The meat department at the grocery store doesn’t usually have what I’m looking for in the fresh case (it’s usually pre-seasoned), so I don’t fill my containers there. If I’m picking up meat in my containers, I’ll go to a smaller butcher. I’ve gone to Acme Meats in Ritchie Market several times. They don’t even bat an eye when I hand them my container, so I know I’m not the only one doing it. I’ve picked up fresh sausage, ground beef, ground pork, and steak this way. It’s not a convenient location for me though, so I’m trying to reduce our meat consumption.
Produce is hit or miss, depending on what I’m looking for. You don’t realize how much is wrapped in plastic until you start looking for it! I’m less concerned about produce stickers and twist ties than I am about overwrap and bags. One of the frustrating things about shopping at the grocery store, is that the organic produce is more heavily packaged than the conventional produce. It forces me to pick a priority if you know what I mean, so sometimes I make trade offs.
If organic isn’t a priority, there should potentially be lots of options. English cucumbers are wrapped in plastic, but field cucumbers are waxed, so we buy the field ones. Instead of buying bags or containers of salad leaves, we buy heads of romaine, leaf lettuce and kale. Potatoes, yams, onions, garlic, carrots, broccoli, brussels sprouts, parsnips, celery, bell peppers, apples, bananas, oranges, tomatoes, avocados, and other seasonal produce are all readily available unpackaged. If you cook based on what is available, rather than trying to make what is available fit what you want to cook, you’ll have a much easier time.
If I’m picking up 2 or 3 of an item, I’ll just leave them loose in the cart. If I’m picking up more than that, I’ll put them in cotton drawstring bags I made at home. There’s plenty available online if you don’t feel handy. In the photo above I was actually using one of my nut milk bags, because most of the cotton ones were in the wash and I wanted to use the small one I had with me for lentils.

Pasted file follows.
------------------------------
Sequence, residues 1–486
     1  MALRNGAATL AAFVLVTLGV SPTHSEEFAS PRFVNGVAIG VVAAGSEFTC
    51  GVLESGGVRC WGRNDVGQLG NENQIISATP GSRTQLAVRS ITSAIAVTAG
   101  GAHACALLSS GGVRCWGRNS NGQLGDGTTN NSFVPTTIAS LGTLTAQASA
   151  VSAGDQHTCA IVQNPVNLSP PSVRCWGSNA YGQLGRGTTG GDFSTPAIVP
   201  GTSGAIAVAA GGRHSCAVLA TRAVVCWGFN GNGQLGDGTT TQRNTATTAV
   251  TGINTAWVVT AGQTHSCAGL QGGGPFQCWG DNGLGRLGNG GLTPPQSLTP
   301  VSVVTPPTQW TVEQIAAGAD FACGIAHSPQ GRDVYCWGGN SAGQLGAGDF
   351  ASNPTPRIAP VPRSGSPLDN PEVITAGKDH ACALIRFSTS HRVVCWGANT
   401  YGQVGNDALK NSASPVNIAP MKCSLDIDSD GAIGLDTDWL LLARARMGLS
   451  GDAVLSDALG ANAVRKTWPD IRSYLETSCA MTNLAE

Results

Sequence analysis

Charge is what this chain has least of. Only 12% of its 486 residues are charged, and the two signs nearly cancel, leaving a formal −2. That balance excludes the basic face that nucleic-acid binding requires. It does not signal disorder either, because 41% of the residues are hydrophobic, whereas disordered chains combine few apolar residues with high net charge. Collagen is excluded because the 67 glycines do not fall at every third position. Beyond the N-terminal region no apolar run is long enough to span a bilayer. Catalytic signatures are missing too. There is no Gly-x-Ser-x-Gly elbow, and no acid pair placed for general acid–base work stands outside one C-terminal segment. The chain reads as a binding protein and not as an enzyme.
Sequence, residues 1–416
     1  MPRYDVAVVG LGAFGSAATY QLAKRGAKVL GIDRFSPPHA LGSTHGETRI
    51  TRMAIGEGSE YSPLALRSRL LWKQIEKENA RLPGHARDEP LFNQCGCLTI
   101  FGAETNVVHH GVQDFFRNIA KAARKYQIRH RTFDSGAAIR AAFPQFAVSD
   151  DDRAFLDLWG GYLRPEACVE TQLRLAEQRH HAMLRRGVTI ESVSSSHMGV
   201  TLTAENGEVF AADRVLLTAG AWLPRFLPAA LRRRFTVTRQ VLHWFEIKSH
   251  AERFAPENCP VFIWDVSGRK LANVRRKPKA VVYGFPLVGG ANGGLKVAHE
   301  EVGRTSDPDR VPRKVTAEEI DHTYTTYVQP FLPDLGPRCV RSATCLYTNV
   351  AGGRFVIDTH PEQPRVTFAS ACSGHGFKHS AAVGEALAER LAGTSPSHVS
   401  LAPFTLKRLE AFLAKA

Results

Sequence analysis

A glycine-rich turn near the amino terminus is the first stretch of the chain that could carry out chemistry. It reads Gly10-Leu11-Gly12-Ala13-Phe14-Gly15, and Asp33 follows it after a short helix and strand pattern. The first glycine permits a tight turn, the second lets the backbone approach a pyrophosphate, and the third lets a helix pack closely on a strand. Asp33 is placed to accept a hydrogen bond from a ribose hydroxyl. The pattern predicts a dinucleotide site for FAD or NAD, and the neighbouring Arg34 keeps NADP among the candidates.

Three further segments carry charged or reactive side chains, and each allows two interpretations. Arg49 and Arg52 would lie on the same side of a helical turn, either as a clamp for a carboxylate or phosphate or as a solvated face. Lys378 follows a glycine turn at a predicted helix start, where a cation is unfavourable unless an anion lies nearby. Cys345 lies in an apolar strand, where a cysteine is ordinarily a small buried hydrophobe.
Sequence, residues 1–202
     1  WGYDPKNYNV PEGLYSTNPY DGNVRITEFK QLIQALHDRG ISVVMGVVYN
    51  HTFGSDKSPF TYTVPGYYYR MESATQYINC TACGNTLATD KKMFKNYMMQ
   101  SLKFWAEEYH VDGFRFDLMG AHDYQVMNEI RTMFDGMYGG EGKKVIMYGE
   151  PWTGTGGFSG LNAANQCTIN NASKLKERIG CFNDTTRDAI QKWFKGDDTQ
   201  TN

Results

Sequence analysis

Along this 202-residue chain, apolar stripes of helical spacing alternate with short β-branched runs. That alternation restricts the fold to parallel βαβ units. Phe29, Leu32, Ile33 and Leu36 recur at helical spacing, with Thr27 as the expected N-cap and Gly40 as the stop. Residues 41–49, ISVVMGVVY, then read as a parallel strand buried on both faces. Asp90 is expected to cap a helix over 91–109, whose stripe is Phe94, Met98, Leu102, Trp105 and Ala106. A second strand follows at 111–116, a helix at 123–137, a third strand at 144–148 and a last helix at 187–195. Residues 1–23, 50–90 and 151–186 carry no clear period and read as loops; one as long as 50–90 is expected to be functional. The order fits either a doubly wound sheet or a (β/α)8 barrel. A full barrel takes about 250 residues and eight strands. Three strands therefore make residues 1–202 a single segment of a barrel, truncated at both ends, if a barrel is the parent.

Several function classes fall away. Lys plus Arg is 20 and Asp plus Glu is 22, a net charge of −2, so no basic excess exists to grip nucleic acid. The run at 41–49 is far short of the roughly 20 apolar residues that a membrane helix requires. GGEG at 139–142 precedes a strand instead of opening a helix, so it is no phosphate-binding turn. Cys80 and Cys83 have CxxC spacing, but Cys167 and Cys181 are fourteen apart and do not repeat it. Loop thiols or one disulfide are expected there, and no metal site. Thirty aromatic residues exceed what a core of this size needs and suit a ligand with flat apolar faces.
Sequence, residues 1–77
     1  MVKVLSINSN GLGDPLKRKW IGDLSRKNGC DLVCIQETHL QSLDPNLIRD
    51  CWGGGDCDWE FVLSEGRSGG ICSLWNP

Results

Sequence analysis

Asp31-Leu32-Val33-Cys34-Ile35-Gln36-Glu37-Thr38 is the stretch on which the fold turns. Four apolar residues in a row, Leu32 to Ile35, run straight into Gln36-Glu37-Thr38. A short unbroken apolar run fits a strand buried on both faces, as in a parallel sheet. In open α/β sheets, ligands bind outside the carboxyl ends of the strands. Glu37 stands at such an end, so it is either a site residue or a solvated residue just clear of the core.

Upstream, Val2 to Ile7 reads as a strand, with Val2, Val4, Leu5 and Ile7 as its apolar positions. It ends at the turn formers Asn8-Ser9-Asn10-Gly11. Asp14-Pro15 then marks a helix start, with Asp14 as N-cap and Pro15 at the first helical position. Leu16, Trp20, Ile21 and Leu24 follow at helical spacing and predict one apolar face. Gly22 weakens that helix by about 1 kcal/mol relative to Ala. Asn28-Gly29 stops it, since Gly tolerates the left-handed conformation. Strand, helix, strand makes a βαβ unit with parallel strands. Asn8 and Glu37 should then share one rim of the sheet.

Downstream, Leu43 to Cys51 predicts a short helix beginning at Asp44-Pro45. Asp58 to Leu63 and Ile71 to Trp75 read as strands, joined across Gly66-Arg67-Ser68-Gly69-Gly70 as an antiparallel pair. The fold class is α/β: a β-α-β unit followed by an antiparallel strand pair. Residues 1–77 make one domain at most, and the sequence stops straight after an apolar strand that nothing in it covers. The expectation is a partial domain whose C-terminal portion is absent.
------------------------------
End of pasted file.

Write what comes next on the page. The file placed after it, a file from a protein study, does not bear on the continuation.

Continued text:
One thing to remember is that if a product is priced per item, you have to buy the whole thing. If a bundle of parsley is $1, you have to buy the whole bundle. If a product is priced by weight, say with a bag of grapes, you’re not obligated to take the whole bag! We don’t go through grapes fast enough to buy the whole bag. Instead of buying a bag and wasting half the grapes, I’ll pull a stem off and put it in my own bag. I realize that means I’m supporting a company that uses plastic wrapping, but my other option is to not eat them at all. This is my happy medium.
If I don’t buy my dry goods at Bulk Barn, I’ll just use a bag in the store and snap a picture of the bin number. I could get a tare weight for the bag, but to be honest it doesn’t weigh very much. Most of the grocery store scales I’ve seen are accurate to 5 grams, and my bags weigh in between 5-10 grams. I didn’t worry about the 5 cents it cost me, though I can understand why others might. If you need to economize, and you can’t/the cashier won’t give you a tare weight, buy as much of the product as you can in one shot. That way you’re paying for the tare weight less frequently. In my experience, the cost savings that come through shopping this way aren’t because buying bulk is cheaper (that’s hit or miss), it’s through the reduction of food waste and the refusal of pre-made, pre-packaged food type products.
The only other thing I picked up was eggs. I buy free range eggs in cardboard containers so I can either recycle them, or put them in our compost bin.
It was a small shopping trip this weekend, and this post is already getting too long, so I’ll stop here for now. Next post I’ll cover household and pantry staples like oils, vinegars, and cleaning/hygiene products.
Where do you do your weekly shopping?